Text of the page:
WASHINGTON (WTVD) -- Just call him Joe Bite 'em.
President Joe Biden's dog Commander bit another Secret Service officer on Monday, according to a statement from a Secret Service spokesperson.
Commander, a purebred German shepherd, bit the uniformed division officer around 8 p.m. Monday. The officer was treated by medical personnel and said she was OK, according to a Secret Service spokesperson.
Elizabeth Alexander, communications director for first lady Jill Biden, said "the White House can be a stressful environment for family pets, and the first family continues to work on ways to help Commander handle the often unpredictable nature of the White House grounds."
It doesn't seem to be working -- this would be the 11th known instance of Commander biting a Secret Service officer and acting aggressively.
U.S. Secret Service emails obtained by Judicial Watch in July via a Freedom of Information Act request describe 10 incidents of the German shepherd biting people in a four-month period -- including one incident that resulted in the victim, a Secret Service agent, being taken to a hospital after getting treatment from White House medical personnel, according to the emails.
The Secret Service provides security protection for the president and his family, and scores of its officers are posted around the executive mansion and its sprawling grounds.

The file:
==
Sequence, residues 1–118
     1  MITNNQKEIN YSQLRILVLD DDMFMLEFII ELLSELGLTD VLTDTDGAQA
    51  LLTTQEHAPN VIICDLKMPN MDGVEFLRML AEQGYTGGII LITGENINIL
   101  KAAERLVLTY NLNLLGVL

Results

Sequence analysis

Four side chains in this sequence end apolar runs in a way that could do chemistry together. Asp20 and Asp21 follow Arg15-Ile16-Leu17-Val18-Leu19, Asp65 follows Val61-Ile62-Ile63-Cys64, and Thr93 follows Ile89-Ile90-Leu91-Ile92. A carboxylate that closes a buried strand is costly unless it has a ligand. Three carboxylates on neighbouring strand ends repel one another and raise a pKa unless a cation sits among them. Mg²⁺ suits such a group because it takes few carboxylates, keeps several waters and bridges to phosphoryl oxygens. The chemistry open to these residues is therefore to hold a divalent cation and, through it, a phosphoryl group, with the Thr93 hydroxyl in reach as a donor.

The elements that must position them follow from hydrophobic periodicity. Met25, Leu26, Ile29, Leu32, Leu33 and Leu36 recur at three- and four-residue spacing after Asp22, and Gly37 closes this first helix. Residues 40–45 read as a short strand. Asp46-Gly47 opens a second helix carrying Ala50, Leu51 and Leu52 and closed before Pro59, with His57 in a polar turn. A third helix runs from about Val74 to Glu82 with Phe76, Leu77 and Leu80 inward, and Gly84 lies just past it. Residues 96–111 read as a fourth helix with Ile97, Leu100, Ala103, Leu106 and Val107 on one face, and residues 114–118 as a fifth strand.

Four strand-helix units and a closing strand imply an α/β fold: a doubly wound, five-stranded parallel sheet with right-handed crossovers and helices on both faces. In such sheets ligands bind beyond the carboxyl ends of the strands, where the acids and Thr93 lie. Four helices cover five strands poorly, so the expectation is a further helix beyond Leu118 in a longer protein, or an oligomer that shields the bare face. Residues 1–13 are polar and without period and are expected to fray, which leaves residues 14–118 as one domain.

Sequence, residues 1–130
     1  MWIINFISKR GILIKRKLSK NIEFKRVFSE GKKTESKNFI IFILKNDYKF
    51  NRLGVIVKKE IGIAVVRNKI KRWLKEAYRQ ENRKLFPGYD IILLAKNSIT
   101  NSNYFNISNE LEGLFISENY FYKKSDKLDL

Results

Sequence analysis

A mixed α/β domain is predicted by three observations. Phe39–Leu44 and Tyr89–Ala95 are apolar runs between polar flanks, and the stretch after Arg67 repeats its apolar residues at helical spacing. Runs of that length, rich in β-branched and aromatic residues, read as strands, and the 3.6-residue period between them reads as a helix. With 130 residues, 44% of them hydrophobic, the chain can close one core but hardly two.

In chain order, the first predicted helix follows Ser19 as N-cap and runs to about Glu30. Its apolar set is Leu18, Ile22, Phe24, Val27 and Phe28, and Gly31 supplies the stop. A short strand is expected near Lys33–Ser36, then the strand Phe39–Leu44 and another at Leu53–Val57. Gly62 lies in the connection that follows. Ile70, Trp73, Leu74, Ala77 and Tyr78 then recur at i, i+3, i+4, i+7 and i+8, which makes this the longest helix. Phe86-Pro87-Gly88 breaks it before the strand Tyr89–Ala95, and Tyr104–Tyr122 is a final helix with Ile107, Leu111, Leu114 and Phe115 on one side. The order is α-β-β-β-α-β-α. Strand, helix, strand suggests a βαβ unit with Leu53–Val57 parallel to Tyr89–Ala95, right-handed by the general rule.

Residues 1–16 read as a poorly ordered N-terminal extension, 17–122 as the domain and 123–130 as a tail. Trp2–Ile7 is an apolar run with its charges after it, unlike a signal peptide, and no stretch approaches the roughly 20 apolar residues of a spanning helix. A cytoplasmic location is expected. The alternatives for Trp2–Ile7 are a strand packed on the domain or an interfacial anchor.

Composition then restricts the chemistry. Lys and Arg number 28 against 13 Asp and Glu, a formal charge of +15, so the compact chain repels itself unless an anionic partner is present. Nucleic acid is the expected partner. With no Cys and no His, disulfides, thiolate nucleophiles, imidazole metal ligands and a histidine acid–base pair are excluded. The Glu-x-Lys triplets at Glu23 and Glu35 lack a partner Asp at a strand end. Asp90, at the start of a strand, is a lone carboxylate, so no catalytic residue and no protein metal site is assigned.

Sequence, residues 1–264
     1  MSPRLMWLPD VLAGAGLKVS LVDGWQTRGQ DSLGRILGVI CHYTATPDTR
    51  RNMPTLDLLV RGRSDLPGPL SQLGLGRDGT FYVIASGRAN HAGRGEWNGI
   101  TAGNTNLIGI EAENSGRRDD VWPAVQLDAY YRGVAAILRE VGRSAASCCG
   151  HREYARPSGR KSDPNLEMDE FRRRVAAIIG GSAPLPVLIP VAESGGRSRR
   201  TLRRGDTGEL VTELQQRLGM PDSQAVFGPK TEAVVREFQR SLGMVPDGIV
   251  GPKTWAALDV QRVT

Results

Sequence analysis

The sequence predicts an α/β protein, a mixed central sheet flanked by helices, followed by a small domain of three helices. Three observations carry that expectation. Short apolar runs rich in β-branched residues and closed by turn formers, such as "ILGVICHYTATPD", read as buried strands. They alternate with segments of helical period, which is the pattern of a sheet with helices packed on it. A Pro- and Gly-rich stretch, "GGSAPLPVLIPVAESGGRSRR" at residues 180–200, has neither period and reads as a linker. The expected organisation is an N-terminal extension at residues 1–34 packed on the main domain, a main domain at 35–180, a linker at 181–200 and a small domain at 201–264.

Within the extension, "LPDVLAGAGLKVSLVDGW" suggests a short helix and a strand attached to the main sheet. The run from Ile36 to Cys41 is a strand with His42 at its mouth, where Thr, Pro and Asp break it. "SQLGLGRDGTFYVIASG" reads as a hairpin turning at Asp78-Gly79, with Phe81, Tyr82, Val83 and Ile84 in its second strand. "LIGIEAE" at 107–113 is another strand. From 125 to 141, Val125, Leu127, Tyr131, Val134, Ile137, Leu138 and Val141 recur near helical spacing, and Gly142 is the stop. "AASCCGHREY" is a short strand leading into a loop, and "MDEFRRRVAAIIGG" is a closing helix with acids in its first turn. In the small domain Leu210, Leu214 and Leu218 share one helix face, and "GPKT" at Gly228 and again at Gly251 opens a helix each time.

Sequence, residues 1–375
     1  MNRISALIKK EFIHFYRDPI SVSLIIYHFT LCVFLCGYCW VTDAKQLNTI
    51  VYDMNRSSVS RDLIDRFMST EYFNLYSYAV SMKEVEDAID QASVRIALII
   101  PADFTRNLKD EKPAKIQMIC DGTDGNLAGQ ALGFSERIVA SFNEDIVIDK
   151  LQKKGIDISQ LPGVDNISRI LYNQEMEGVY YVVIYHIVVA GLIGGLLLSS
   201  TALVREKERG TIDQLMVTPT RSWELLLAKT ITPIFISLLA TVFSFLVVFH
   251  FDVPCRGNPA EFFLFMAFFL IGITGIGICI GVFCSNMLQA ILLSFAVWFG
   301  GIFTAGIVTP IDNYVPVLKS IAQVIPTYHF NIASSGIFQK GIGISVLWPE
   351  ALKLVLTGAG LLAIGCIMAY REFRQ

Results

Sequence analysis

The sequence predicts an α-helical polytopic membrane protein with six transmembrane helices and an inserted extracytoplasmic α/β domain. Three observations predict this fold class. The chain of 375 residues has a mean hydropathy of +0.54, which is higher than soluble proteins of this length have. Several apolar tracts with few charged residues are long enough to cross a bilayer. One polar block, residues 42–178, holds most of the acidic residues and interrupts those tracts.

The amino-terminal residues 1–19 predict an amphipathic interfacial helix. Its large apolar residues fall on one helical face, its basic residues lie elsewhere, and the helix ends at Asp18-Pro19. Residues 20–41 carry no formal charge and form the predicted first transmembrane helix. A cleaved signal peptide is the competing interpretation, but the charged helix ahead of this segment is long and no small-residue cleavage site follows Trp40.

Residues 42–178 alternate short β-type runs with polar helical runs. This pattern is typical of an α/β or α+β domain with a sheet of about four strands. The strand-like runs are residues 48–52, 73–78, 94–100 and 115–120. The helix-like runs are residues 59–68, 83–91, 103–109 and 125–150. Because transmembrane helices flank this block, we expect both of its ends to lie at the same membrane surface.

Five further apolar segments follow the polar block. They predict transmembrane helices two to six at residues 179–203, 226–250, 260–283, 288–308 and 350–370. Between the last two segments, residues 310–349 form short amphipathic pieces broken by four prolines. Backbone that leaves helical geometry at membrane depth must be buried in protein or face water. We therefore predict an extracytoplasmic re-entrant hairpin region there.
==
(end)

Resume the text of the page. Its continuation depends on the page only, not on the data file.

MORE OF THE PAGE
Alexander said the Bidens are "incredibly grateful to the Secret Service and Executive Residence staff for all they do to keep them, their family, and the country safe."
Commander isn't the first Biden family pet that had aggressive tendencies. The Bidens had another dog, Major, that also exhibited threatening behavior, including biting Secret Service and White House staffers. They eventually sent the dog, also a German shepherd, to live with friends in Delaware.
Commander joined the first family at the White House in December 2021. He was gifted to Biden by his brother James and his sister-in-law for his birthday. The family also has a cat, Willow.
ABC News' Luke Barr and Sarah Beth Hensley and The Associated Press contributed to this report.